By the application of sufficient pressure, a portion of the gelled foamed fluid can be forced into a desired zone in the subterranean formation surrounding the well bore. Upon reduction in the pressure applied to introduce the fluid into the formation, the foam generally will break, depositing any solid present in the fluid and the fluid then will filter out into the subterranean formation.
In order to more clearly illustrate the effectiveness of the present invention in producing a quality gelled foamed fluid, and not by way of limitation, the following example is provided.
To compare the quality of a foam produced by the method of the present invention to a conventionally prepared foam, the following tests were performed.
Laboratory size apparatus was arranged in accordance with the drawing FIGURE. In lieu of the blenders, the fluids were prepared in advance and stored in large holding tanks. The gelling agent utilized in the preparation of the gelled fluid was hydroxypropylguar. The surface active foaming agent was an ethoxylated dodecanol. The fluid was tap water. To avoid proppant settling in the gelled fluid holding tank, the proppant comprising 20-40 sand was added to the gel in a paddle blender and agitated prior to use. The pumps comprised progressive cavity MOYNO pumps manufactured by Robbins & Myers, Inc., Springfield, Ohio, and the foam generator comprised a Koch static mixer manufactured by Koch Engineering, Wichita, Kan., or a proprietary static mixer of conventional design. Samples of the gelled foamed fluid were collected in a 3/4-inch I.D. clear acrylic plastic tube, 72 inches in height. Various flow meters, not illustrated in the drawing, manufactured by Kurz Instruments, Inc., Carmel Valley, Calif., were employed to measure fluid flow rates. The high pressure gas comprised nitrogen at a pressure of 200 psig.
Four sets of tests were performed in accordance with the method of the present invention and the conventional method of foaming gelled fluids upon fluids containing no proppant. Two sets of the test utilized one foam generator and the remaining two sets utilized the other foam generator as indicated in Table I. The gelled fluid had the concentration indicated in Table I. The flow rates of the water and gelled water are set forth in Table I. To simulate the conventional method of foaming gelled fluids, the prepared gel was admixed with the surface active foaming agent and introduced directly into the foam generator by substituting this gelled admixture for the normal feedstock of blender 26 of the drawing.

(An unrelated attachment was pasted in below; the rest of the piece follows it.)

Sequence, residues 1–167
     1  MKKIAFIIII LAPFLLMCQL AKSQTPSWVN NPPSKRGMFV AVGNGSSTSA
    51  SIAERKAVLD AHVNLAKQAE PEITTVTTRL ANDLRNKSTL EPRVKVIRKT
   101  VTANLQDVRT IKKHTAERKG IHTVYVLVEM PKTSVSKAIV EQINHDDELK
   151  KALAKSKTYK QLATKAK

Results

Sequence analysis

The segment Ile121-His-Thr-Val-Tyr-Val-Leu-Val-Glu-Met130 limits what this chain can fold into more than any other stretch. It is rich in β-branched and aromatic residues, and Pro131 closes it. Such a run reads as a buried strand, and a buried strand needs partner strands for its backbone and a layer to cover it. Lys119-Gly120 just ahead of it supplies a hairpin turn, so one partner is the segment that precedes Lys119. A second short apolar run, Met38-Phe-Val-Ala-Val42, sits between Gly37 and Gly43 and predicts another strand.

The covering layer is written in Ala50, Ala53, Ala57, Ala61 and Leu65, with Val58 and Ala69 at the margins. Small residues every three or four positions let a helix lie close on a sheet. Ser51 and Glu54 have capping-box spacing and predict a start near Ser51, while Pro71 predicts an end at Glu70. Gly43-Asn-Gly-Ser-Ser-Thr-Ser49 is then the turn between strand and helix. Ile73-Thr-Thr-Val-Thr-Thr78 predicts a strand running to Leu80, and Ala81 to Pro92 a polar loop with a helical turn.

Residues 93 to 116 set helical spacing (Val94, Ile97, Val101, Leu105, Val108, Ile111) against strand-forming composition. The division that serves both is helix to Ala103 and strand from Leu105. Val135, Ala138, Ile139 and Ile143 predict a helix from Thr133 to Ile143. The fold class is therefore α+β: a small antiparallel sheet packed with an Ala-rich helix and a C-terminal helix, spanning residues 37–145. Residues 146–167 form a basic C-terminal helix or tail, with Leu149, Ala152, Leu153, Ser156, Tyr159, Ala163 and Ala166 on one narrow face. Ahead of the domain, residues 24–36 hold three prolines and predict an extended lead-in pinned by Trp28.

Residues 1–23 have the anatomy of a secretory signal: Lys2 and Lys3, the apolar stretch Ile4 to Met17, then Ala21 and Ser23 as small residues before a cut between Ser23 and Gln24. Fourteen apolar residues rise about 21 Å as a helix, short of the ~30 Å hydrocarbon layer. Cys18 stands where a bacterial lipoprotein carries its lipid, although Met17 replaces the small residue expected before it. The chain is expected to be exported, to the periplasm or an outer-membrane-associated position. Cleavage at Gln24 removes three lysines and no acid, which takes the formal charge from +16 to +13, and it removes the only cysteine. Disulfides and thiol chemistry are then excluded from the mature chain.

Two sets of the tests then were performed utilizing proppant present in the amounts indicated in the table. The foam generator was the proprietary static mixer. The data relating to these tests and the results are set forth in Table II.
TABLE I__________________________________________________________________________ Foam Free Gel Gel Flow Water Flow Breakout Nitrogen Concentration Rate Rate Foam Time, Height in TubeMethod (Lb./1000 Gal.) (Gal./Min.) (Gal./Min.) Generator (Min.:Sec.) (Inches)__________________________________________________________________________Conventional 20 9 -- KOCH 28:45 11.5 20 12 -- >30:00 6.0 20 15 -- >30:00 3.0 50 9 -- >30:00 25.0 50 12 -- >30:00 0 50 15 -- >30:00 0 20 9 -- Proprietary Design 13:52 15.0 20 12 -- 22:30 10.0 20 15 -- >30:00 0 50 9 -- 0 27.0 50 12 -- >30:00 21.0 50 15 -- >30:00 17.0Present 20 7.5 1.5 KOCH >30:00 0Invention 20 10 2.0 >30:00 0 20 12.5 2.5 >30:00 0 50 7.5 1.5 >30:00 0 50 10 2.0 >30:00 0 50 12.5 2.5 >30:00 0 20 7.5 1.5 Proprietary Design >30:00 7.5 20 10 2.0 >30:00 0 20 12.5 2.5 >30:00 0 50 7.5 1.5 >30:00 7.5 50 10 2.0 >30:00 10.0 50 12.5 2.5 >30:00 0__________________________________________________________________________
TABLE II__________________________________________________________________________ Free Foam Nitrogen Sand Gel Sand Gel Flow Water Foam Breakout Height Settling Concentration Concentration Rate Rate Quality Time In Tube TimeMethod (Lb/1000 Gal) (Lb/Gal of Gel) (Gal/Min) (Gal/Min) (%) (Min:Sec) (Inches) (Min:Sec)__________________________________________________________________________Conventional 50 3.5 17.6 -- 65 >30:00 28.0 >30:00 50 4.0 12.5 -- 75 >30:00 8.0 >30:00 50 6.0 7.5 -- 85 >30:00 0 >30:00Present 50 4.0 16.1 1.3 65 30:00 0 19:40Invention 50 5.0 10 2.1 75 30:00 0 >30:00 50 7.0 7.5 1.6 80 30:00 0 >30:00__________________________________________________________________________
The data set forth in Tables I and II clearly illustrates the beneficial effects of practice of the present invention in the generation of gelled foamed fluids.
While that which is considered to be the preferred embodiment of the present invention has been described herein, it is to be understood that modifications, changes or the like can be made in the methods disclosed without departing from the spirit or scope of the invention as defined in the appended claims.
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|U.S. Classification||166/278, 166/307, 166/312, 166/308.6|
|International Classification||E21B43/26, C09K8/70, E21B43/25, E21B43/04|
|Cooperative Classification||E21B43/26, E21B43/04, C09K8/703, E21B43/255|
|European Classification||E21B43/26, E21B43/04, E21B43/25G, C09K8/70B|
|11 Apr 1983||AS||Assignment|
Owner name: HALLIBURTON COMPANY, DUNCAN, OK., A CORP. OF DEL.
Free format text: ASSIGNMENT OF ASSIGNORS INTEREST.;ASSIGNORS:CONWAY, MICHAEL W.;NORMAN, LEWIS R.;REEL/FRAME:004115/0547
Effective date: 19830404
|4 Dec 1987||FPAY||Fee payment|
Year of fee payment: 4
|14 Jan 1992||REMI||Maintenance fee reminder mailed|
|14 Jun 1992||LAPS||Lapse for failure to pay maintenance fees|
|18 Aug 1992||FP||Expired due to failure to pay maintenance fee|
Effective date: 19920614